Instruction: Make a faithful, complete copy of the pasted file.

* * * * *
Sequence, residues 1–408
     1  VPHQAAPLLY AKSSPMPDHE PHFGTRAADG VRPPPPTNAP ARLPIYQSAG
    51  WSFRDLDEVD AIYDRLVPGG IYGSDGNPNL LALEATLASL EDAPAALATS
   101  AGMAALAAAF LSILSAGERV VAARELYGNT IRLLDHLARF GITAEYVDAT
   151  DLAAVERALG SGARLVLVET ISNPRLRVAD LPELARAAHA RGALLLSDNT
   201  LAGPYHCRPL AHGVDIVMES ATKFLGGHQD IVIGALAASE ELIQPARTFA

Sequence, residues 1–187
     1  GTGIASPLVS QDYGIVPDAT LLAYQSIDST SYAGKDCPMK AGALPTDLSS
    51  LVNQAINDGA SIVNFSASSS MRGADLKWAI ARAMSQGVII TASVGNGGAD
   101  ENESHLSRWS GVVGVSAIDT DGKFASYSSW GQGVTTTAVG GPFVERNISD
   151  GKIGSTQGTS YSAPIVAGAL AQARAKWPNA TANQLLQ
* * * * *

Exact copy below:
Sequence, residues 1–408
     1  VPHQAAPLLY AKSSPMPDHE PHFGTRAADG VRPPPPTNAP ARLPIYQSAG
    51  WSFRDLDEVD AIYDRLVPGG IYGSDGNPNL LALEATLASL EDAPAALATS
   101  AGMAALAAAF LSILSAGERV VAARELYGNT IRLLDHLARF GITAEYVDAT
   151  DLAAVERALG SGARLVLVET ISNPRLRVAD LPELARAAHA RGALLLSDNT
   201  LAGPYHCRPL AHGVDIVMES ATKFLGGHQD IVIGALAASE ELIQPARTFA

Sequence, residues 1–187
     1  GTGIASPLVS QDYGIVPDAT LLAYQSIDST SYAGKDCPMK AGALPTDLSS
    51  LVNQAINDGA SIVNFSASSS MRGADLKWAI ARAMSQGVII TASVGNGGAD
   101  ENESHLSRWS GVVGVSAIDT DGKFASYSSW GQGVTTTAVG GPFVERNISD
   151  GKIGSTQGTS YSAPIVAGAL AQARAKWPNA TANQLLQ